Monday, August 23, 2010

Wizard Chicago 2010: Yeah, whatever

I wasn't originally going to go to Wizard's Chicago show this year; the lineup of guests and such interested me very little.  But sometimes fate, or certain disreputable individuals, conspire to lure one in.  Apparently, when I described the show as "increasingly irrelevant" in my C2E2 roundup, that rankled the Wizard folks, so they invited me to come interview their CEO, Gareb Shamus.  I guess that's an opportunity I couldn't pass up, so I got to go listen to him give his spiel about how great the show was and ask him why the hell Rod Blagojevich was a special guest.  You can read the results over at IndiePulp, along with my thoughts on the convention proper, which can be summed up as "I don't think I ever need to go again."

As much as celebrity, pop culture, and other such nonsense dominated the con, I was determined to find some good comics, and while the artist alley section, which is usually my favorite place at these shows, was dominated by crappy pin-up artists (and zombies.  So many fucking zombies.  When will that fad ever end, goddammit?), I managed to find a few artists that I liked, or at least had an art style that caught my eye in the midst of the various Jim Lee and Mike Deodato wannabes.  Mike White has an appealingly cute style on his comic Amity Blamity (formerly Pigtails & Potbellies), which is coming out in print next year from SLG, but is being serialized online now.  The humor isn't anything to write home about, but that little girl and pig are pretty adorable.  Adam Fotos' Dragon and Goat seems kind of similar, with cute characters and nice coloring, but pretty rote, newspaper comic strip style humor.  Jason Week's Billy the Dunce, on the other hand, is quite nicely illustrated and fairly funny, from what I can tell.  The current storyline features a cool fight scene, so that's always nice.

Matt Chicorel was the only creator I actually bought anything from, that being the first two issues of his minicomic Buzzpop.  He has an appealing style full of characters with long, thin limbs, sort of like a less-cluttered Jim Mahfood, and he appears to be weaving together a sort of narrative about various slacker crime-fighter characters that mostly just hang around and talk.  It's enjoyable, and while much of the two issues were filled with concert posters and the like, the quality of the comics themselves showed a marked increase over the course of a few years of work.  I'm curious to see how he developed after that, but I can always read what he has posted online and try to acquire the next two issues.  The first issue was also shared with Travis T., whose Drop Dead Dumb isn't bad, but hopefully he is able to do something besides imitate Daniel Clowes.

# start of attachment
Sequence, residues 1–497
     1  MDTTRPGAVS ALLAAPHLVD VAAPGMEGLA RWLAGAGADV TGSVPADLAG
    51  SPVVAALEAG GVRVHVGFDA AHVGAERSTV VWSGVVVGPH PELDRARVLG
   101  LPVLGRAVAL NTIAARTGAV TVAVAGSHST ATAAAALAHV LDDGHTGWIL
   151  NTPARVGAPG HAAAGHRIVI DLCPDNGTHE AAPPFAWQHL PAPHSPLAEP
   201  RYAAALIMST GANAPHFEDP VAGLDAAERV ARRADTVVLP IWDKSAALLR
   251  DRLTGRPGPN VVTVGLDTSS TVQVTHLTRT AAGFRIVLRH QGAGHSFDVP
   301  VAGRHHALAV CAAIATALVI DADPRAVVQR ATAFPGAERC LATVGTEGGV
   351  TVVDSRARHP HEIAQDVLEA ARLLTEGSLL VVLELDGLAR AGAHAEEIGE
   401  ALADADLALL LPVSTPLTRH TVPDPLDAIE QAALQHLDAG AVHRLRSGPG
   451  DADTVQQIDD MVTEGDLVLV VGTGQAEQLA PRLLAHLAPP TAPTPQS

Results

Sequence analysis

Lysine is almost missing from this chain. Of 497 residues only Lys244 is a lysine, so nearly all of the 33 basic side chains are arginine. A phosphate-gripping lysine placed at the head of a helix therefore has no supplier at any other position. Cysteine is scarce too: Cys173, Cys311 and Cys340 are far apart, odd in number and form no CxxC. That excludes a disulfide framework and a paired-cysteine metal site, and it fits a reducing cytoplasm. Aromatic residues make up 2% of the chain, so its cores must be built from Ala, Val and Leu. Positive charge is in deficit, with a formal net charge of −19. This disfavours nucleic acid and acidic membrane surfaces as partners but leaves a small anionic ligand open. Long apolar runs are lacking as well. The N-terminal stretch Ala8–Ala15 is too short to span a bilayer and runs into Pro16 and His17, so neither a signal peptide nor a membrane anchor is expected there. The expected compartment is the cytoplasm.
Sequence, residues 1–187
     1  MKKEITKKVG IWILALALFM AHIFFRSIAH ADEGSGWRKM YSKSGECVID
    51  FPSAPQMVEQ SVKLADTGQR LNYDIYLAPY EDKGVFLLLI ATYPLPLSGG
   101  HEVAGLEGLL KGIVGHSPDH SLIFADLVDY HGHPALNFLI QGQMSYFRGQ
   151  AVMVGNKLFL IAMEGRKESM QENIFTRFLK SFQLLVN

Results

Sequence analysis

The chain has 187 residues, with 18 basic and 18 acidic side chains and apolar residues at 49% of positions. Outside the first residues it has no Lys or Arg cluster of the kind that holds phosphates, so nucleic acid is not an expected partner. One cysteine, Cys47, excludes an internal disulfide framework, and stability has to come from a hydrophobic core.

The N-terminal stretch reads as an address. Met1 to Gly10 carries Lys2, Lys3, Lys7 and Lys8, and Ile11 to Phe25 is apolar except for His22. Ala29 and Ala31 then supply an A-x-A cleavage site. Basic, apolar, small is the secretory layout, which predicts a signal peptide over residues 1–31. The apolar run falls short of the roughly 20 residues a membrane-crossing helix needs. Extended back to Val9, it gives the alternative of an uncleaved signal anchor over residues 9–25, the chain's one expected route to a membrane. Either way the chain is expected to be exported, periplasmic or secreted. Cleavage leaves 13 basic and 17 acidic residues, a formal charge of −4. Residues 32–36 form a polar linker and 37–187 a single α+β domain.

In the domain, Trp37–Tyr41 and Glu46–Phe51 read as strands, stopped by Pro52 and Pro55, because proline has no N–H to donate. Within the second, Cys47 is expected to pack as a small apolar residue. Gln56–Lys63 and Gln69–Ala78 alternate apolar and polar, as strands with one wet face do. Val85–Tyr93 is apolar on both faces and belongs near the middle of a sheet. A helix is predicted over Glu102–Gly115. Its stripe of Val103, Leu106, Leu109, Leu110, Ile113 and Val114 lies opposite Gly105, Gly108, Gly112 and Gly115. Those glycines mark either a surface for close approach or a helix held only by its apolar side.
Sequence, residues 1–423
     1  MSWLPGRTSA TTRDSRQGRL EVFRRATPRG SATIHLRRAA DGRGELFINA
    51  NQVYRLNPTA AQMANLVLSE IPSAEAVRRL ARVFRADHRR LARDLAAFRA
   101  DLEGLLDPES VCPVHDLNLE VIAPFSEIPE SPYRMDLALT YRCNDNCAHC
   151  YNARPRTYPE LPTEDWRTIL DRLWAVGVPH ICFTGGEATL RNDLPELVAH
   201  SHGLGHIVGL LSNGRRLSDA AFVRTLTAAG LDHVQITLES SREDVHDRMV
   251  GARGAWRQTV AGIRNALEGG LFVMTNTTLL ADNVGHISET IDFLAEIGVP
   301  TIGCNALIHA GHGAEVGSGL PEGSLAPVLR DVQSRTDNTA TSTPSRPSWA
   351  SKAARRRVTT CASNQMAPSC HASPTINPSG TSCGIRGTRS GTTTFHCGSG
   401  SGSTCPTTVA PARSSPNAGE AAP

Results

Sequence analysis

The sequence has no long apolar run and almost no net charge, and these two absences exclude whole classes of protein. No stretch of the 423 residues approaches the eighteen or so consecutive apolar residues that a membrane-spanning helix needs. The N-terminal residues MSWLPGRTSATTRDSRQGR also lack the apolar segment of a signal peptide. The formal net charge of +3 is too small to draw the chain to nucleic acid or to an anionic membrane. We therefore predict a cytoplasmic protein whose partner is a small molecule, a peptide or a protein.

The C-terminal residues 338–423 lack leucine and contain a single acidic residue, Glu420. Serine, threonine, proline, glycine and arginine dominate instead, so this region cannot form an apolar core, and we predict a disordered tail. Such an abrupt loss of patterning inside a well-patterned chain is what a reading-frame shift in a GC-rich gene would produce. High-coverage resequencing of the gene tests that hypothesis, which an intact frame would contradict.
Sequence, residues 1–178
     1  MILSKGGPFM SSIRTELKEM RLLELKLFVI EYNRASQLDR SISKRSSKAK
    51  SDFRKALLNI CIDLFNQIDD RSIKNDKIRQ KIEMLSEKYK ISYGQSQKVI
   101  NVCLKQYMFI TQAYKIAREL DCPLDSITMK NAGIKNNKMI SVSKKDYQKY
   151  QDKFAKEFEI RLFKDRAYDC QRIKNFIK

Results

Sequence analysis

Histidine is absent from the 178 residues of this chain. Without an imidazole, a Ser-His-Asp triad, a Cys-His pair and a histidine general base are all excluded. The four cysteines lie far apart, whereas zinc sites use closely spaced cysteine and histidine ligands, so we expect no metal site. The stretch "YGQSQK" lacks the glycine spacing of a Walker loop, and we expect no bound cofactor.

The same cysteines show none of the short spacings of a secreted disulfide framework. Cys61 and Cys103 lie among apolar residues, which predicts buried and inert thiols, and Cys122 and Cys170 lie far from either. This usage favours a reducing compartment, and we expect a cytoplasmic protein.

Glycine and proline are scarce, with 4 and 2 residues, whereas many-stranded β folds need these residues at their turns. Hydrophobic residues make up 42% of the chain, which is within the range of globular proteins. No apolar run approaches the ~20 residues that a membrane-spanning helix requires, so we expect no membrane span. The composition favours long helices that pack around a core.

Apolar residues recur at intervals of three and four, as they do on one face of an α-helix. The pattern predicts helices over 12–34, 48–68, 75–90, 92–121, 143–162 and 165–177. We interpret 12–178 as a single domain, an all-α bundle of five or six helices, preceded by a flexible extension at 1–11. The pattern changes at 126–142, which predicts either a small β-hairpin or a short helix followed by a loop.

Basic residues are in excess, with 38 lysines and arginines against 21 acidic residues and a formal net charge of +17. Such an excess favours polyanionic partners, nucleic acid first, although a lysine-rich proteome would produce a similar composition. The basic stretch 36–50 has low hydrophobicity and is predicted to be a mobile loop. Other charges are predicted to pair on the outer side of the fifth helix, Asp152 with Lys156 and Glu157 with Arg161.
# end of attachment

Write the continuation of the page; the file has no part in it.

But aside from the mainstream guys who usually make it to these shows (I always like to talk to Chris Burnham, and Geof Darrow is nice to see, although I don't think he's put out any comics in about five years.  Not much interest in the likes of Billy Tucci, J. Scott Campbell, Joe Maduriera, Greg Horn, and Arthur Suydam though), there just wasn't much to see. So, determined to come home with some sort of comics, I scoured the dealer stalls for deals, and came home with the following pile of stuff:

You can see Lauren Weinstein's The Goddess of War, both issues (or are there more?) of Howard Chaykin's Time^2, a book called Epoxeye by John Pham, Young Lust #8 (featuring a bitchin' Daniel Clowes cover), Video Noire by Eduardo Risso and Carlos Trillo, the collection of the Brian Azzarello-written Deathblow series, Farel Dalrymple's Pop Gun War, All Flee! by Gavin Burrows and Simon Gane, Mat Brinkman's Teratoid Heights (which was only two dollars!), volume 6 of Osamu Tezuka's Phoenix, four volumes of Astro Boy, two volumes of Iron Wok Jan!, and one volume each of School Zone and Swan (all the manga volumes were also two bucks.  Score!).  Oh, and a free crime novel by Andrew Grant called Even that came with the purchase of Deathblow from the Crimespree booth.  Not a bad haul.

So I didn't come away too unhappy, and those are some quality additions to the collection, if I ever get around to reading them along with everything else I have yet to get to.  So there you go: comics could actually be found at the Chicago Comic Con, if you knew where to look.  But next year, I'm not going to bother looking.